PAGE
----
Julian Agyeman Ph.D. FRSA, Urban and Environmental Policy and Planning, Tufts University, Massachusetts, USA
Julian Agyeman Ph.D. FRSA is a Professor of Urban and Environmental Policy and Planning at Tufts University in Medford, Massachusetts, USA. He is the originator of the concept of ‘just sustainabilities’, the full integration of social justice and sustainability, defined as: the need to ensure a better quality of life for all, now and into the future, in a just and equitable manner, whilst living within the limits of supporting ecosystems.
As an ecologist/biogeographer turned environmental social scientist, he has both a science and social science background which helps frame his perspectives and scholarship. He thrives at the borders and intersections of a wide range of knowledges, disciplines and methodologies which he utilizes in creative and original ways in his research.
He was co-founder in 1988, and chair until 1994, of the Black Environment Network (BEN), the first environmental justice-based organization of its kind in Britain. He was co-founder and is now Editor-in-Chief of Local Environment: The International Journal of Justice and Sustainability. In 1996 he was elected to the Fellowship of the Royal Society of the Arts (FRSA) whose mission is to enrich society through ideas and action.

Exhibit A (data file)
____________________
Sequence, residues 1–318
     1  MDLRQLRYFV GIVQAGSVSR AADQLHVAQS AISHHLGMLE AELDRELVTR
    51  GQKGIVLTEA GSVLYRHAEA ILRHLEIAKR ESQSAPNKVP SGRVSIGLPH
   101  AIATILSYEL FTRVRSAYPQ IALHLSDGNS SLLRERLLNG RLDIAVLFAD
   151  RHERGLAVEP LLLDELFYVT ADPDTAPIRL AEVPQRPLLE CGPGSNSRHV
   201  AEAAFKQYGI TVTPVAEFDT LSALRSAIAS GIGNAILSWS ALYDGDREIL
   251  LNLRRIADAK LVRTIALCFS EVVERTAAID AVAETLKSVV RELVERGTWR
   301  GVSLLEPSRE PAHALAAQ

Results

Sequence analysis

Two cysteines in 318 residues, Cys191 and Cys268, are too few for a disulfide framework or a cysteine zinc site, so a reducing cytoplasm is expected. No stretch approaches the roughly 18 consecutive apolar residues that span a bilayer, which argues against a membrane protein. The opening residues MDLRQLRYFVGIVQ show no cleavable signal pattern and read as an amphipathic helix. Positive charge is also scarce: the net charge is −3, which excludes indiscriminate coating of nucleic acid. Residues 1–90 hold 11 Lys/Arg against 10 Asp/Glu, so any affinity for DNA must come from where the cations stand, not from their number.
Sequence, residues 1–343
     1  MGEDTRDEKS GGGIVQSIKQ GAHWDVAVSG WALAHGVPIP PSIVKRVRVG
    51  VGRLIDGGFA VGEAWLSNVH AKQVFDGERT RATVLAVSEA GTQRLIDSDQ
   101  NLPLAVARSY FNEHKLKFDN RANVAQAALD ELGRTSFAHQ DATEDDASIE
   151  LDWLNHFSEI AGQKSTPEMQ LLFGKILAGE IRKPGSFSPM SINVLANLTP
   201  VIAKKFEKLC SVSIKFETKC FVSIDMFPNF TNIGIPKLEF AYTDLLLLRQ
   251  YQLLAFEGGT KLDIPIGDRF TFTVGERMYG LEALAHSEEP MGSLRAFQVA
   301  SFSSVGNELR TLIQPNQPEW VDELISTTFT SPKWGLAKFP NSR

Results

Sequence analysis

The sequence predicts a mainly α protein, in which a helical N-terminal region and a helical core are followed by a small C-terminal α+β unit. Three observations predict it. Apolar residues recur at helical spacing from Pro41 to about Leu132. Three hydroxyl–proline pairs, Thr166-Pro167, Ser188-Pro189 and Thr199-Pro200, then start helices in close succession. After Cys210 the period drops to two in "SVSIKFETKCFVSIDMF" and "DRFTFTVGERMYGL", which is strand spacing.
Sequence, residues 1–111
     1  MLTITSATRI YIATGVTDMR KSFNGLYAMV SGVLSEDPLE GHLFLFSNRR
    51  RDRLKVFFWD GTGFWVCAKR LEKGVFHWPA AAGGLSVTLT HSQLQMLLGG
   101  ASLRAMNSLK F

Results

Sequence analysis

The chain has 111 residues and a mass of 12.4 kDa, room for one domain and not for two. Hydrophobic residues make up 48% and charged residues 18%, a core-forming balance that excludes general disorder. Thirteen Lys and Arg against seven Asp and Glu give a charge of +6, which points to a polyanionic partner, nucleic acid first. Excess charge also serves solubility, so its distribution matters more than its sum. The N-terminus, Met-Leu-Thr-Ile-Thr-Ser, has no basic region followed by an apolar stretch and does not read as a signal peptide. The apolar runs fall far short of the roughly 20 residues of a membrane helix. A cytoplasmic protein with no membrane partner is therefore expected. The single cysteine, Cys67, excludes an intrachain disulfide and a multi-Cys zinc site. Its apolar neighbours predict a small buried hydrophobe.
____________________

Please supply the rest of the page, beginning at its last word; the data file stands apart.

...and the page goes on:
Dr. Agyeman is Series Editor of Just Sustainabilities: Policy, Planning and Practice , Co-Editor of the Series Routledge Equity, Justice and the Sustainable City, and Contributing Editor to Environment: Science and Policy for Sustainable Development. He serves on the editorial board of the Australian Journal of Environmental Education.
His has over 160 publications, including books, peer reviewed articles, book chapters, published conference presentations, published reports, book reviews, newspaper articles, Op-Eds and articles in professional magazines and journals. His new book, Sharing Cities: A Case for Truly Smart and Sustainable Cities (co-authored with Duncan McLaren: MIT Press), will be published December 2015.
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